Dear Director Mulvaney,
It’s me. A fetus. “How precocious!” you must be thinking. “An unborn child, typing an open letter with its nubby fingertips.” Please, spare me the condescension. Tapping out this note was a challenge for someone with 20/400 vision, but I felt it was necessary after I nearly choked on my amniotic fluid while listening to your astonishing testimony before the House Budget Committee this week.
You seem to consider me one of the Trump administration’s most important constituents, or at least that was the impression I got when you suggested that the draconian budget cuts your administration proposed—$627 billion to Medicaid, $194 billion to food stamps, more than $250 billion to education—were necessary for the sake of future generations.
What about the standard of living for my grandchildren who aren’t here yet? Who will end up inheriting $30 trillion in debt? Fifty trillion dollars in debt? A hundred trillion dollars? What about their standard—who’s going to pay the bill, Congressman? … Us? Or somebody else? And I suggest to you if it’s important enough to pay, to have, then we need to be paying for it. Because right now, my unborn grandchildren are paying for it, and I think that is morally bankrupt.
While I may lack a fully developed thalamus, I do have a bullshit detector—and it’s blaring thanks to your little oration about fiscal rectitude.
This much is true: Washington is on pace to borrow quite a bit of money in the coming years. According to the Congressional Budget Office, federal debt held by the public is set to hit 150 percent of gross domestic product by 2047, up from 77 percent today. That would be unprecedented for the U.S.; our debt load never even reached that level during World War II, when we were borrowing to fight the Nazis. But it is also unclear whether that level of debt would be a problem. After all, Japan’s publicly held sovereign debt hit 177 percent of GDP a few years back, and it’s sitting around building the world’s fastest trains and enjoying 2.8 percent unemployment.
But if you insist on worrying about the debt, there are plenty of ways to address it that don’t involve eviscerating health care and food spending for the poor. I found this handy budget interactive from Brookings and the Wilson Center and managed to stabilize our debt at 75 percent of GDP without cutting a single federal program—and I’ve still got billions of neurons to go before my brain is entirely formed. You know how I pulled it off? Hint: I didn’t cut the Children’s Health Insurance Program, like you proposed this week. I just raised taxes, muchacho. It’s not rocket science.
Of course, your administration has other plans. It’s talking about historic tax cuts that will almost certainly be geared toward the rich. Your treasury secretary says the cuts will be paid for with economic growth. Nobody believes that! I can’t even make a born-yesterday joke, because I haven’t shimmied out of the womb yet, and I don’t believe that. You don’t get to play fiscal hawk and then talk about cutting our billionaire president’s own taxes in the same breath. This game doesn’t work that way.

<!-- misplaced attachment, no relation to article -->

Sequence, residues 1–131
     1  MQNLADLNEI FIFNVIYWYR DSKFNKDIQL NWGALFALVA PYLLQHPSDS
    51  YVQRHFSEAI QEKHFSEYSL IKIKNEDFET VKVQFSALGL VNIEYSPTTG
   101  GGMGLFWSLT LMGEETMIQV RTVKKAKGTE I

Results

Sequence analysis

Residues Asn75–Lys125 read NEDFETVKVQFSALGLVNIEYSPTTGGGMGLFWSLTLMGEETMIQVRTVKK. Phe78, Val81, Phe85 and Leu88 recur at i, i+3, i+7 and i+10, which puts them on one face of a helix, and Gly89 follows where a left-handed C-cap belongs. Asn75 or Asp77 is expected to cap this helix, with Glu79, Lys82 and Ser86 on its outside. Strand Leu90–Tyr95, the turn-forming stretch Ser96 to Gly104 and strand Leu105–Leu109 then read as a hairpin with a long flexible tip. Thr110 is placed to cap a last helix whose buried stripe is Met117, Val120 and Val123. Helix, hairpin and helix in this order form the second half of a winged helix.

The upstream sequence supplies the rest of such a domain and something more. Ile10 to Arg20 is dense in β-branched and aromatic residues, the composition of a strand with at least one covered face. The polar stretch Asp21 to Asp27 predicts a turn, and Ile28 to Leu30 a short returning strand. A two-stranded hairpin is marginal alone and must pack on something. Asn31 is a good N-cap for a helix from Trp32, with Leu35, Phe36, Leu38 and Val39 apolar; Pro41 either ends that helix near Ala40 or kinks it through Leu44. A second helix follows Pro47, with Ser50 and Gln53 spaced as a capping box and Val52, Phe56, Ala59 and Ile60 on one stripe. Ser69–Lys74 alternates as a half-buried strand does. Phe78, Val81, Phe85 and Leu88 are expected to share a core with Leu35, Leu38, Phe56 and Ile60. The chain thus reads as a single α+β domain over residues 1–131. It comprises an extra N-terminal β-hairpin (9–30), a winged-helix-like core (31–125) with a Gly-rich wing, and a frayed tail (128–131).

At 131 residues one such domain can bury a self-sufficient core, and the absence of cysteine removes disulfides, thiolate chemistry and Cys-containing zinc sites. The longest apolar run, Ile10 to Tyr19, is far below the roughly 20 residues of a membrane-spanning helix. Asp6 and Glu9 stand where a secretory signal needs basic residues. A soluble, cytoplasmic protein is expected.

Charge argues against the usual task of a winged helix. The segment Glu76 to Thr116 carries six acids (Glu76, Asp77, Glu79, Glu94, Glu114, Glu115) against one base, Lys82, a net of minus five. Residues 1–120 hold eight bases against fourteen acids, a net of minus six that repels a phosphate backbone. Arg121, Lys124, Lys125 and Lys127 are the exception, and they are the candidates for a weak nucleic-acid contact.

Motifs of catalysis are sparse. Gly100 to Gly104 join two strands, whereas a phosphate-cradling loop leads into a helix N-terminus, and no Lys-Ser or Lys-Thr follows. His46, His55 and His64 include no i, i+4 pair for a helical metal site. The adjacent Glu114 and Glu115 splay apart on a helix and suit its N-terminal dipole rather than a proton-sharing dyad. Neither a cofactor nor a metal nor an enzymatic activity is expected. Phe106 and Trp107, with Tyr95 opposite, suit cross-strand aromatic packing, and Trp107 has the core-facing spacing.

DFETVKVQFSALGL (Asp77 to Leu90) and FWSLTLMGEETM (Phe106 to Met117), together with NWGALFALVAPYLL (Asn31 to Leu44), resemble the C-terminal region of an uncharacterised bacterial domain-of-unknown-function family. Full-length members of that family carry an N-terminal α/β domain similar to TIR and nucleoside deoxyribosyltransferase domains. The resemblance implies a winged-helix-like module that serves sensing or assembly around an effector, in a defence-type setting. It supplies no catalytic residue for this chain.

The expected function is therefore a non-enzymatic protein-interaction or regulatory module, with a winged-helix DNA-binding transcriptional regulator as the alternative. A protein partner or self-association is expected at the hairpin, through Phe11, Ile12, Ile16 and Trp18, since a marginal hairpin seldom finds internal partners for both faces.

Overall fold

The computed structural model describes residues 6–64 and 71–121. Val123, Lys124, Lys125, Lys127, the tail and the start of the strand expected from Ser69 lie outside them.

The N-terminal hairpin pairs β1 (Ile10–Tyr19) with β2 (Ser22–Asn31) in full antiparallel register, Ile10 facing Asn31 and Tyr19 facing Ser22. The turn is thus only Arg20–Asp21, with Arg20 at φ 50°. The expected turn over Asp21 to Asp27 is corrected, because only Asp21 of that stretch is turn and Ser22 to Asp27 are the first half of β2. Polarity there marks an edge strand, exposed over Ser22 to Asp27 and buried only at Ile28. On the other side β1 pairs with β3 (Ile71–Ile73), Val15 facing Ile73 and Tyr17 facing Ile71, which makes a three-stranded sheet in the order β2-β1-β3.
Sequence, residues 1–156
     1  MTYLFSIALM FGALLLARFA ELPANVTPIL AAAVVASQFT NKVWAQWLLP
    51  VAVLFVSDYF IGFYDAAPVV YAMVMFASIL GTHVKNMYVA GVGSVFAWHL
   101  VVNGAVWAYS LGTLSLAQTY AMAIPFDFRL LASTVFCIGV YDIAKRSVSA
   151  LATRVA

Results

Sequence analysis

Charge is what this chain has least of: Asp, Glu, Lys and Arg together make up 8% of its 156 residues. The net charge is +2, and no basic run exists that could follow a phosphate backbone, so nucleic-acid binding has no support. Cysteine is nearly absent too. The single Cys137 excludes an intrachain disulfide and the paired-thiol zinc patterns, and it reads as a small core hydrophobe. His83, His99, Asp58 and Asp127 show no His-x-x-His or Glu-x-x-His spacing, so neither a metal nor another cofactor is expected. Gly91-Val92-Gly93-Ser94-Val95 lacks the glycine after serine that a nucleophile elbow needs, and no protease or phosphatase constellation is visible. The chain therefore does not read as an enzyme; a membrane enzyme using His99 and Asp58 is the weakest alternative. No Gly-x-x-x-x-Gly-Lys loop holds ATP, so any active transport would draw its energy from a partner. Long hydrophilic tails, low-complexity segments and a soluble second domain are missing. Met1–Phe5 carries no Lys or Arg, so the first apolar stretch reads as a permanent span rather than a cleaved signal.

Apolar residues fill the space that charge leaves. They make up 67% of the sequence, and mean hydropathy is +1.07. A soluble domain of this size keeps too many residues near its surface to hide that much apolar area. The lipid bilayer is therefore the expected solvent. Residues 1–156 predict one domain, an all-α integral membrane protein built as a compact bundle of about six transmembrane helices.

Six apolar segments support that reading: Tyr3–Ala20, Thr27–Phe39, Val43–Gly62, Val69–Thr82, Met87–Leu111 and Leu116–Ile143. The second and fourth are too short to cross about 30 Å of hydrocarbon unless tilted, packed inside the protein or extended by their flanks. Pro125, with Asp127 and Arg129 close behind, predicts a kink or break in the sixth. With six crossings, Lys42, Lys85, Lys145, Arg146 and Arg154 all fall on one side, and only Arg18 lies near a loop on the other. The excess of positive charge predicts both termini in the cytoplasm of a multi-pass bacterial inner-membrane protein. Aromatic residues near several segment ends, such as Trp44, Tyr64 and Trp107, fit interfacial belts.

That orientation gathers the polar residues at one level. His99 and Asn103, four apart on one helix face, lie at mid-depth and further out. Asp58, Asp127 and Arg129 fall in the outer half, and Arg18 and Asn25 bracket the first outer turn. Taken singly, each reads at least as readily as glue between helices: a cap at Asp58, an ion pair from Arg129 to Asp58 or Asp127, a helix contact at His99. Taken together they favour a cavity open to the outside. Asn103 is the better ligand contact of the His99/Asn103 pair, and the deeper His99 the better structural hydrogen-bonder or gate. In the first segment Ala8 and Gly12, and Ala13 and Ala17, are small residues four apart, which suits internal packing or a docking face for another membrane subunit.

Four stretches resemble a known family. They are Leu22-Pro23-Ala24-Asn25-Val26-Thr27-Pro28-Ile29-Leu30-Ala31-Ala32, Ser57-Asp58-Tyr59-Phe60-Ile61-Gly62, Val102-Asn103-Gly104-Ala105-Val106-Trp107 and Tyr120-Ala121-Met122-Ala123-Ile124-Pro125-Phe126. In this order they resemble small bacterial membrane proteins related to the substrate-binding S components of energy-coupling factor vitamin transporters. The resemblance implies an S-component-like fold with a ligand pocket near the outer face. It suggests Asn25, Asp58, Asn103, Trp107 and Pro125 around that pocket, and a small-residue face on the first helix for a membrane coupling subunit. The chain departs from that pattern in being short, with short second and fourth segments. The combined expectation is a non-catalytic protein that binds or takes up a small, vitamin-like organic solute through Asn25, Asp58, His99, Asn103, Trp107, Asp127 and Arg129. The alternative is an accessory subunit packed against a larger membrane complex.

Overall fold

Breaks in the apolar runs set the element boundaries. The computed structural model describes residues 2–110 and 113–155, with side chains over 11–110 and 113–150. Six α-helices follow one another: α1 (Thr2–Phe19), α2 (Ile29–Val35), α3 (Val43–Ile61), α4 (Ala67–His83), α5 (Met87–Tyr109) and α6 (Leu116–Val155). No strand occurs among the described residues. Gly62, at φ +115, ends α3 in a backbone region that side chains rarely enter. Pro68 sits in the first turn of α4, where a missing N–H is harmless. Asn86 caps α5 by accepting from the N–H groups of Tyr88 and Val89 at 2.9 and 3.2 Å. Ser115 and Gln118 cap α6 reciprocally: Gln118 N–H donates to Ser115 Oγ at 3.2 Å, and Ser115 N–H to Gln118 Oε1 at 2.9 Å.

But to be honest, it’s not your sanctimonious spiel about debt that bugs me the most. It’s that the White House is moving toward an official policy that says the government should worry less about what happens to future generations thanks to climate change. By your logic, it’s not OK if I, a fetus, have to pay a higher marginal tax rate, but it is OK if I, a fetus, have to go scuba diving to see the sunken ruins of Manhattan someday.
I’m specifically talking here about a concept known as the Social Cost of Carbon, which plays a crucial role in climate policy. (I realize you know all this, Mr. Mulvaney, but bear with me for my audience of fellow fetuses.) Government agencies are only allowed to issue new regulations if they find the benefits outweigh the costs. When it comes to limiting greenhouse gasses, that means figuring out how much economic damage a pound of carbon burned into the atmosphere today will do to the U.S. years down the line.
Unsurprisingly, people disagree on how to calculate this. When President Trump took office, he signed an executive order scrapping a bunch of work that the Obama administration had done on this count. As the Center for American Progress notes, it’s possible that when the administration does its regulatory math, it will see absolutely no economic benefit in cutting carbon emissions. It will amount to an official stance that says it’s not worth spending a dime to help unborn Americans avert catastrophe.
Now, who oversees the federal regulatory process? Oh, that’s right, your very own Office of Management and Budget. You will be personally involved in telling the next generation to go fend for itself. It’s no coincidence that you can’t spell womb without O-M-B, so as an official representative of the unborn, let me be clear: I’d rather have higher taxes and lower temperatures, thank you very much. I’m sure your grandkids will feel the same.